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Monday, September 26, 2016

Echoing pipeline opponents' concerns, the statement from the UN Special Rapporteur on the rights of indigenous peoples, Victoria Tauli-Corpuz, cited the pipeline's threats to drinking water and sacred sites. She admonished the U.S. for failing to protect protesters' rights and failing to properly consult with communities affected by the fossil fuel infrastructure. The tribe was denied access to information and excluded from consultations at the planning stage of the project, and environmental assessments failed to disclose the presence and proximity of the Standing Rock Sioux Reservation.

The pipeline, slated to snake a 1,172-mile path across four states from the Bakken fields of North Dakota to a hub in Illinois, has faced months of building resistance.

Informed consent from those affected and abiding by the UN Declaration on the Rights of Indigenous Peoples is essential, she said, "particularly in connection with extractive resource industries." (Andrea Germanos) read more


Florida Rethugs used fake felon lists to purge voters in predominantly poor neighborhoods. Ohio's "purge" is said to be the most aggressive in the nation, removing more voters over a five-year period than any other state. Since 2011, more than 2 million voters have been purged. According to Secretary of State Jon Husted's office, from 2011 to 2014, 846,000 were scrapped for infrequent voting and 480,000 for moving.

In a decision said to be a "big deal" for voters in a crucial swing state, a federal court on Friday declared that Ohio's practice of purging millions of registered citizens from its rolls is in violation of national voting laws. The order reverses a lower court ruling, which favored the purge. It is not clear whether this damage can be undone before November. (Lauren McCauley) read more


Friday, September 23, 2016

Nadia Prupis, CommonDreams: Agrochemical giants Syngenta and Bayer discovered in their own tests that their pesticides caused severe harm to bees, according to unpublished documents obtained through a Freedom of Information Act request by the environmental group Greenpeace. The companies conducted the trials on products that used the controversial pesticides known as neonicotinoids, or neonics, which have long been linked to rapid bee decline. Neonics are also the world's most commonly used pesticide. According to their own studies, Syngenta's thiamethoxam and Bayer's clothianidin were found to cause severe harm at high levels of use, although the effect was lessened when used under 50 parts per billion (ppb) and 40 ppb respectively. The research assumes a very narrow definition of harm to bee health and ignores wild bees which evidence suggests are more likely to be harmed by neonicotinoids. That means the findings may substantially underestimate the impact of neonics. read more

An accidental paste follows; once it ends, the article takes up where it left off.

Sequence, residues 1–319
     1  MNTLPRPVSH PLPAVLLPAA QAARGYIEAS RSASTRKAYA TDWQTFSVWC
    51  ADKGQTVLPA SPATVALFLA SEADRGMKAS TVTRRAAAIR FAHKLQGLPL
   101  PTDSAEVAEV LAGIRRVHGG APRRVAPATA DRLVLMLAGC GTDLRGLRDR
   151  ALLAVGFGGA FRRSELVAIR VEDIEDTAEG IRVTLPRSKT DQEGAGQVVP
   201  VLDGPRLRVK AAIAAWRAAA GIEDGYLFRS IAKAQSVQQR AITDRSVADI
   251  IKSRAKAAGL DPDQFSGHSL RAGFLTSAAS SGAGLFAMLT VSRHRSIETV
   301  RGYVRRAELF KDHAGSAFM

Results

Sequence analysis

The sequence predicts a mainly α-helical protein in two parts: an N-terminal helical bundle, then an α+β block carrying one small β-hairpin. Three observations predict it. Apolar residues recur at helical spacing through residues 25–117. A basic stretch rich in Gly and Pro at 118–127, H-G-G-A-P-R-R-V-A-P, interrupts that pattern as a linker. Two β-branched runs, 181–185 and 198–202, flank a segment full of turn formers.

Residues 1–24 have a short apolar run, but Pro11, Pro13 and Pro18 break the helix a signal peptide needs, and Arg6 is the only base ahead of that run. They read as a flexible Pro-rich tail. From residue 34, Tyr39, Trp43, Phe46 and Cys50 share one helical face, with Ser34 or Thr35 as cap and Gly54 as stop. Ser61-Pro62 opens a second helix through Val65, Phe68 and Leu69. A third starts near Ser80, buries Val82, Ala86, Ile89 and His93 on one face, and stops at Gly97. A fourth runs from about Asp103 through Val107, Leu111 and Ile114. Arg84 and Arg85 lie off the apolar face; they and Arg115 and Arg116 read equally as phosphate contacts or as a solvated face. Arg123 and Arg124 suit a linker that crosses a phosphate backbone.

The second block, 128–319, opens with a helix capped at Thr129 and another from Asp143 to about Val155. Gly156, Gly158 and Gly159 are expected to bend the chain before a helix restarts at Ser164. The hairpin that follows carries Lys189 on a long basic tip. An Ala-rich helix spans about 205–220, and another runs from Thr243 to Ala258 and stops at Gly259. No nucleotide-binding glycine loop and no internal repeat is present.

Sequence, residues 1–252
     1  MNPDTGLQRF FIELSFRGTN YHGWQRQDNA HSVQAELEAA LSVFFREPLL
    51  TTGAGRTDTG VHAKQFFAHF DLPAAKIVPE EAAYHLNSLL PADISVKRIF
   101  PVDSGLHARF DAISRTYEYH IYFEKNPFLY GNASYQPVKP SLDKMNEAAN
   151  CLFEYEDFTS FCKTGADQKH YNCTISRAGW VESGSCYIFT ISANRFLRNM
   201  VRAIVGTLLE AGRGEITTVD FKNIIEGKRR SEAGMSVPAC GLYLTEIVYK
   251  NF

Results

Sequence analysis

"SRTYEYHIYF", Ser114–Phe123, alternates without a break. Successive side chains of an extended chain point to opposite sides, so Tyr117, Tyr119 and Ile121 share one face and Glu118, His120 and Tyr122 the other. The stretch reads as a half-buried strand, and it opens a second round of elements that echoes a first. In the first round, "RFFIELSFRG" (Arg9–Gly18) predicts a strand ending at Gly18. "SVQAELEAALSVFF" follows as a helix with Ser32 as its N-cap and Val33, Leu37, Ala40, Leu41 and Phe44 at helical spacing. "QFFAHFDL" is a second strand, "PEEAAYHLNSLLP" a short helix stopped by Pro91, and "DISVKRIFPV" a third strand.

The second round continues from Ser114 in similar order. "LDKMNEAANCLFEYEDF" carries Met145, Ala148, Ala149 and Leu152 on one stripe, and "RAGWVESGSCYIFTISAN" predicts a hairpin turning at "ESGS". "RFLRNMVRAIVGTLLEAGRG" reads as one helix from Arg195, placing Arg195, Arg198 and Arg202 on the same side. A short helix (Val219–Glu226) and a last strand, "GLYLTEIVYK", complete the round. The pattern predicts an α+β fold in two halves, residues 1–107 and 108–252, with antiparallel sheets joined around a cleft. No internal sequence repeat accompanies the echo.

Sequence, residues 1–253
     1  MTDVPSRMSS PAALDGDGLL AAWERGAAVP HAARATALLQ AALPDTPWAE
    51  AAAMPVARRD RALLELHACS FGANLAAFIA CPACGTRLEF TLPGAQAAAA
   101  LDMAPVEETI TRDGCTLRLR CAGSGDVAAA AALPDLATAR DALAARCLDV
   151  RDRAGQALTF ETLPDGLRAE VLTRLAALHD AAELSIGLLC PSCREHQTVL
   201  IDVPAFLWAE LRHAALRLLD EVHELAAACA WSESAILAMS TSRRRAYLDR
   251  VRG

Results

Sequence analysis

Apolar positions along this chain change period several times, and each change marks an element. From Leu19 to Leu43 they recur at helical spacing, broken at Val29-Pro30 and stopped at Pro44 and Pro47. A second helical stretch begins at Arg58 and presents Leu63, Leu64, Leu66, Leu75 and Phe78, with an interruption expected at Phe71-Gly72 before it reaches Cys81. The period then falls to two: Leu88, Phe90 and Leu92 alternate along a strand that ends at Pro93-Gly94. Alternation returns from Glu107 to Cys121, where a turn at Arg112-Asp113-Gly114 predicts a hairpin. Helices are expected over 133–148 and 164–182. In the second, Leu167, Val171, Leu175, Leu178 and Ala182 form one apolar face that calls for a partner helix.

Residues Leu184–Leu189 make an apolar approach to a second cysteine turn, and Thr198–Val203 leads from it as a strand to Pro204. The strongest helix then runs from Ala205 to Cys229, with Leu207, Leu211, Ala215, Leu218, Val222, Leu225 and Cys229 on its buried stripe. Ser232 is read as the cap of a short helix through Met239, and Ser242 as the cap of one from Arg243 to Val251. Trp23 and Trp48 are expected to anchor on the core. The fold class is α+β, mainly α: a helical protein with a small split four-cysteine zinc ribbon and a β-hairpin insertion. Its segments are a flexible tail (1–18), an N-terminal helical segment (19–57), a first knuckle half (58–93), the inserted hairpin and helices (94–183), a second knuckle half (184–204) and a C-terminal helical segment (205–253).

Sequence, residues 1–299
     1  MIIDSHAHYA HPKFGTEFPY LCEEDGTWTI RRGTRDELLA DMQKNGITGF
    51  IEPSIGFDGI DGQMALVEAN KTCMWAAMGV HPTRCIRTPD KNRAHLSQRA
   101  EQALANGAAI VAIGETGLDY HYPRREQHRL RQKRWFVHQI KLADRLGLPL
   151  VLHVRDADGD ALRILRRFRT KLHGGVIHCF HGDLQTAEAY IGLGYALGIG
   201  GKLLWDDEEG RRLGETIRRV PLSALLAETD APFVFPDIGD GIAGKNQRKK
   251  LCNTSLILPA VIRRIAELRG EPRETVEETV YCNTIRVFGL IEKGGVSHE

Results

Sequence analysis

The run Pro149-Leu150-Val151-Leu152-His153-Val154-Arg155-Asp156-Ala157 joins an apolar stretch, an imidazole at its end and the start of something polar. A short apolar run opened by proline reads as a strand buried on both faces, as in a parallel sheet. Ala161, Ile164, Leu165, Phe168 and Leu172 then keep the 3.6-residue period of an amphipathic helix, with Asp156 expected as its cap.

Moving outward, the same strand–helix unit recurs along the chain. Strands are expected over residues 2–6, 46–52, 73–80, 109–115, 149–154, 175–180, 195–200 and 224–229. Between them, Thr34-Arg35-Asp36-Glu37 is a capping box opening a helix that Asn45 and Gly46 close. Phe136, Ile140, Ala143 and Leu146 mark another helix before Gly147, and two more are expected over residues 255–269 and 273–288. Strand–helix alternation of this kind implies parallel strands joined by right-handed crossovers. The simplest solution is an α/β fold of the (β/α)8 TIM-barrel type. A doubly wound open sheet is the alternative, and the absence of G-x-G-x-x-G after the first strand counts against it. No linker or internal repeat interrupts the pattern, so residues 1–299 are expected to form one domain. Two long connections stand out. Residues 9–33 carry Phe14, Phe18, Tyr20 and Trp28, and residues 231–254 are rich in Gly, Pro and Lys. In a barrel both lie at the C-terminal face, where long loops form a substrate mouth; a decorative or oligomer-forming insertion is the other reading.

Wednesday, September 21, 2016

Police said officers went to a Charlotte apartment complex around 4pm looking for a suspect with an outstanding warrant when they encountered Scott, who was not the suspect they were looking for, inside a car.

A police spokesman Keith Trietley stated officers saw [Scott] get out the car with a gun and then get back in. As police approached the car they claimed Scott got out of the car with the gun again. Officers then deemed the man a threat and at least one fired a weapon. A weapon was allegedly recovered by detectives at the scene.

According to police, they began rendering aid after the shots were fired. Scott, a father of seven, was pronounced dead at Carolinas Medical Center.

The police version is at odds with that of Scott's family who insist that he was disabled, sitting in his car reading a book, and had no gun. "He sits in the shade, reads his book and waits on his kid to get off the bus," Scott's sister told reporters. "He didn't have no gun." (Nika Knight) read more


Tuesday, September 20, 2016

For $178 Million, the US Could Pay for One Fighter Plane, or 3,358 Years of College. Free college threatens the military. Unlike nearly every other developed country, which offer free or low cost higher education (Germany, Sweden and others are completely free; Korea's flagship Seoul National University runs about $12,000 a year, around the same as Oxford), in America you need money to go to college. Harvard charges $63,000 a year for tuition, room, board and fees, a quarter of a million dollars for a degree. Even a good state school will charge $22,000 for in-state tuition, room and board.

75% of those who enlisted or who sought an officer's commission said they did so to obtain educational benefits. This raises the question of whether the lower cost college education presidential nominee Hillary Clinton proposes is a threat to America's all-volunteer military. If college was cheaper, would they still enlist? (Peter Van Buren) read more


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